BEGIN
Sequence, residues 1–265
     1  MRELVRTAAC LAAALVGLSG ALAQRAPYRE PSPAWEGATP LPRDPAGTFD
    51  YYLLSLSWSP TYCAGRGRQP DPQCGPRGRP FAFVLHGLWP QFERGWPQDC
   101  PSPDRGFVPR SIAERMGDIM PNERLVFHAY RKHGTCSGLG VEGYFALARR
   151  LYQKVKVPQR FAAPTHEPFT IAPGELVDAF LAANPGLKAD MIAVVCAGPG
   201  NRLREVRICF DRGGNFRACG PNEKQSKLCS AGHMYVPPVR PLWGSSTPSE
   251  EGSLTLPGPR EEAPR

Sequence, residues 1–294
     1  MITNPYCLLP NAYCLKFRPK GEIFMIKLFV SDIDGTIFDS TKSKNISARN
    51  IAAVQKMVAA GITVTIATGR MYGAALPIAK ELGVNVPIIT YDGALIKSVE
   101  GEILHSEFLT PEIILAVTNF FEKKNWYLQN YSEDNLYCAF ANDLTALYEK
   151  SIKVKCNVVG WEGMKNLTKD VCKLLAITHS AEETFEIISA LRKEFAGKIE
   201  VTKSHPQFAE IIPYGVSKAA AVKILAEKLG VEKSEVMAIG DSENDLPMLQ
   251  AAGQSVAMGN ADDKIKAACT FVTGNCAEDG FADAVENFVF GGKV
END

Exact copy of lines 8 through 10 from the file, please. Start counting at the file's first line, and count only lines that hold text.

Sequence, residues 1–294
     1  MITNPYCLLP NAYCLKFRPK GEIFMIKLFV SDIDGTIFDS TKSKNISARN
    51  IAAVQKMVAA GITVTIATGR MYGAALPIAK ELGVNVPIIT YDGALIKSVE